* \param param2 Describe param2
  static sptr make(int param1, double param2);


Starting in GNU Radio 3.5, we have been moving to new top level blocks, like gr-vocoder, gr-audio, gr-digital, etc. Each of these is getting its own group along with any specific group the block should be included in. These groups each have their own page to describe the group as a main description of the blocks and how to use the package. These pages are all linked from the Doxygen manual's front page, which is found in docs/doxygen/other/main_page.dox.

The top level blocks are all described inside that blocks doc directory in a .dox files named or the component. For example, in the component gr-digital, the manual page describing this component is in gr-digital/doc/digital.dox. This page should provide any detail that can help users add and use these packages and their blocks. As these components are developed, used, and added to, any more details that can go into this Doxygen page should be added for the benefit of anyone else.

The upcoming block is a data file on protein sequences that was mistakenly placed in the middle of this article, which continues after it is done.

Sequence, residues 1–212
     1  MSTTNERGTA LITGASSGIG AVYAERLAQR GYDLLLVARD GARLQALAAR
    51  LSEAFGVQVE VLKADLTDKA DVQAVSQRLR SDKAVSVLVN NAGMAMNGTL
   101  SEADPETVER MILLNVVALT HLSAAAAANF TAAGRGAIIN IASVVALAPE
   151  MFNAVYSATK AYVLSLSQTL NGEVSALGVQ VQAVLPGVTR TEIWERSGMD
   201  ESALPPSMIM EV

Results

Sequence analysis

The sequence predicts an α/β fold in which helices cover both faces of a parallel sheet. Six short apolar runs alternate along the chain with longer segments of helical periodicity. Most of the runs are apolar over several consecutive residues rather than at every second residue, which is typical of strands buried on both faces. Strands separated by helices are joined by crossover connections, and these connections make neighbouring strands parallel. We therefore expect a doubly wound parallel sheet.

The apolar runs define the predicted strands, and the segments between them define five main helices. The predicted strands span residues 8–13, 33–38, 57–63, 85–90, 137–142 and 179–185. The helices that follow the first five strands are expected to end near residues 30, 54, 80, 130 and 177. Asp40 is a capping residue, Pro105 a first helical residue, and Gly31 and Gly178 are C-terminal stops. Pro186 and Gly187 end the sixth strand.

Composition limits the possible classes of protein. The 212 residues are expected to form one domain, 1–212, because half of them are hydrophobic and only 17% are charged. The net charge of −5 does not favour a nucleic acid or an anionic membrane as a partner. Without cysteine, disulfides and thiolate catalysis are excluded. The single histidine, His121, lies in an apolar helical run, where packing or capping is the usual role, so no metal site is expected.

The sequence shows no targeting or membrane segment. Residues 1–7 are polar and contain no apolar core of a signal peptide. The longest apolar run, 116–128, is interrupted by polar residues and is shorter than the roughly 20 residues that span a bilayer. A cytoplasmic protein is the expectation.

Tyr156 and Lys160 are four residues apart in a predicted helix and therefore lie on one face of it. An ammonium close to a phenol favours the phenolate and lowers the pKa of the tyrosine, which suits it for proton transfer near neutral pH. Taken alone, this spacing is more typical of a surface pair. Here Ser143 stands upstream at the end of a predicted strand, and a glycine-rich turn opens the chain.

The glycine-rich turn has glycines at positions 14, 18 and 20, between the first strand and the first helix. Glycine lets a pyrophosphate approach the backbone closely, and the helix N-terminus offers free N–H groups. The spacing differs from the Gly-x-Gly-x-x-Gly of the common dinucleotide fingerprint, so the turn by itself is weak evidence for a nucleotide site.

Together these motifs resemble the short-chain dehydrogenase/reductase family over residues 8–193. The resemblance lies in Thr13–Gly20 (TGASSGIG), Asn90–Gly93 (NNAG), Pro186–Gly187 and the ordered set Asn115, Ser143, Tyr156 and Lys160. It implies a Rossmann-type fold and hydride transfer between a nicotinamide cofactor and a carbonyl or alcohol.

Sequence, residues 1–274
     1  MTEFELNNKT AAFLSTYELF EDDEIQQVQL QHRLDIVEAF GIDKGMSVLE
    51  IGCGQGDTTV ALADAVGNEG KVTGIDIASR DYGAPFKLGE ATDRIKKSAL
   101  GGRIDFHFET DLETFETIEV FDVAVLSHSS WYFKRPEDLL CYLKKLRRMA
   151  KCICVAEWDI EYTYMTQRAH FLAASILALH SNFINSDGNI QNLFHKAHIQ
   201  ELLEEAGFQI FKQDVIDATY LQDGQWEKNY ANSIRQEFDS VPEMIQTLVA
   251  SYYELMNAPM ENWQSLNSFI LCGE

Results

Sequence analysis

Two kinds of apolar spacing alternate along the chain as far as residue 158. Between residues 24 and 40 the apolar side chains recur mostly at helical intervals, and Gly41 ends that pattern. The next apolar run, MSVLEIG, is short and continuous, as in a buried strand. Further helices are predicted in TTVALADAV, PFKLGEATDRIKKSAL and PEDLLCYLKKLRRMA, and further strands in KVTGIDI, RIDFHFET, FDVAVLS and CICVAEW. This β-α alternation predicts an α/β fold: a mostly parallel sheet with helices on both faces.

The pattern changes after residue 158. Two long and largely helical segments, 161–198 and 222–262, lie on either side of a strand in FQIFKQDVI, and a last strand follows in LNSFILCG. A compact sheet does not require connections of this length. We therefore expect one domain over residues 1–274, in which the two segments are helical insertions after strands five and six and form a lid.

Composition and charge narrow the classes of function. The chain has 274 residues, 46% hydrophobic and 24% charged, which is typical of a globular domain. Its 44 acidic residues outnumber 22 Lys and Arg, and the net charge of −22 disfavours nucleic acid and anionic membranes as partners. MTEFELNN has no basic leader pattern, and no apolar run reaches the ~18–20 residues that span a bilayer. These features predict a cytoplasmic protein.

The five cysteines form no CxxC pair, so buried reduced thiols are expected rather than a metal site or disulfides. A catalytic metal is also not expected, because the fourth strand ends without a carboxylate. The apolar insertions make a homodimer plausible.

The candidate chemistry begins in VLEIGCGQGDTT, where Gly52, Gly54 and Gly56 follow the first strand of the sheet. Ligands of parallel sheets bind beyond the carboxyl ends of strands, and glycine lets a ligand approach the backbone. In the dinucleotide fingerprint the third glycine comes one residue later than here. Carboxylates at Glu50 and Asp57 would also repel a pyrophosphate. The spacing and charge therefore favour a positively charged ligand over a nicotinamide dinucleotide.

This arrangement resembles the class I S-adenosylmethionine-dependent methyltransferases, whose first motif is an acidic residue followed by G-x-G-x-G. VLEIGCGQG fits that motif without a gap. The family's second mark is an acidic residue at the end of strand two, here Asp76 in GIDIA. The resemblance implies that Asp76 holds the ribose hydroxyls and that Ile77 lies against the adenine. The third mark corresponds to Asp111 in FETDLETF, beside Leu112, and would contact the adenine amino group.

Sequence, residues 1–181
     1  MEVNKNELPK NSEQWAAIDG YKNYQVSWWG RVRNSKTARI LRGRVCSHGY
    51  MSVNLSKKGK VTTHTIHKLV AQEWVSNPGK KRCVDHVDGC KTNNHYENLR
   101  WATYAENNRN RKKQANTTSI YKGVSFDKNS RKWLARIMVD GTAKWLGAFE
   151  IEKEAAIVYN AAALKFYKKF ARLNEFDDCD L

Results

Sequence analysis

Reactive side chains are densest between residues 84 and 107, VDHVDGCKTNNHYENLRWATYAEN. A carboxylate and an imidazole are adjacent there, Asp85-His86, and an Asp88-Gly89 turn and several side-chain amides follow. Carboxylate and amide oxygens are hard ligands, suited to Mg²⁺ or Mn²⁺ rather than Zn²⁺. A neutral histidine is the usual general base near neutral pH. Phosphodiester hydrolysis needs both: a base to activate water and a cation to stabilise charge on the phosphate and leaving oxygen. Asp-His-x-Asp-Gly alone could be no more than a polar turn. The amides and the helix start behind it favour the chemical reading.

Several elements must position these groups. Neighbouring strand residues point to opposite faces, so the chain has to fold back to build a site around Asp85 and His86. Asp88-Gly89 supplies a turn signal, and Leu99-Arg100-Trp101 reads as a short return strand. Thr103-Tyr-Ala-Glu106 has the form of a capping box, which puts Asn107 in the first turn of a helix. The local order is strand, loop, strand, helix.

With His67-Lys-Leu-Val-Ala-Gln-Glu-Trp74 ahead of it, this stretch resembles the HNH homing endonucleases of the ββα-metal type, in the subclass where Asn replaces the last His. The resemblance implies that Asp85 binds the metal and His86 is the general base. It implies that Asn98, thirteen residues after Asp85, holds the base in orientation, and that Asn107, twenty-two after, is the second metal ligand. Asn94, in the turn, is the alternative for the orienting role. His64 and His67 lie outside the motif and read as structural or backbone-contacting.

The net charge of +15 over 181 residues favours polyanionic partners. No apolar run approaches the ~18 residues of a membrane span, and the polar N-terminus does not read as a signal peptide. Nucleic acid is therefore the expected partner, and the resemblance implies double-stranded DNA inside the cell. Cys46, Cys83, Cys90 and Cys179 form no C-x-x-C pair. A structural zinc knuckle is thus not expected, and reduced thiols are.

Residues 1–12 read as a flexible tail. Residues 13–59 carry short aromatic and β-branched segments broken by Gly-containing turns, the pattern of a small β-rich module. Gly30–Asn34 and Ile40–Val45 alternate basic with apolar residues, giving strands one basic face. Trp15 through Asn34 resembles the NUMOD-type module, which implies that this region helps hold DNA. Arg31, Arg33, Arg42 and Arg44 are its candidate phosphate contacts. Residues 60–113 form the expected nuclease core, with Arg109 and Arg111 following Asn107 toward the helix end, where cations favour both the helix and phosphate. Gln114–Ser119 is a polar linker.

The component's doc directory will also contain a README.package that gives a brief description of the package. This file should contain the most basic necessary information and point to the Doxygen files for more detail.

Doxygen Markup for Formulas

When inserting formulas into the header to be part of the documentation, we want to have the best representation possible, which means making Latex style formulas. This is done in Doxygen using the "\f{" to begin and "\f}" to end the formula section. However, these do not properly show up in the XML documents used in the Python help files. So we have to make the formula twice, once formatted for the HTML manual and another for the XML. It will look like this:

This is some text in the header...
enter Latex formula here -> will only show up in the HTML document.

Same Latex formula, but this will not be processed; will only be the raw Latex formula.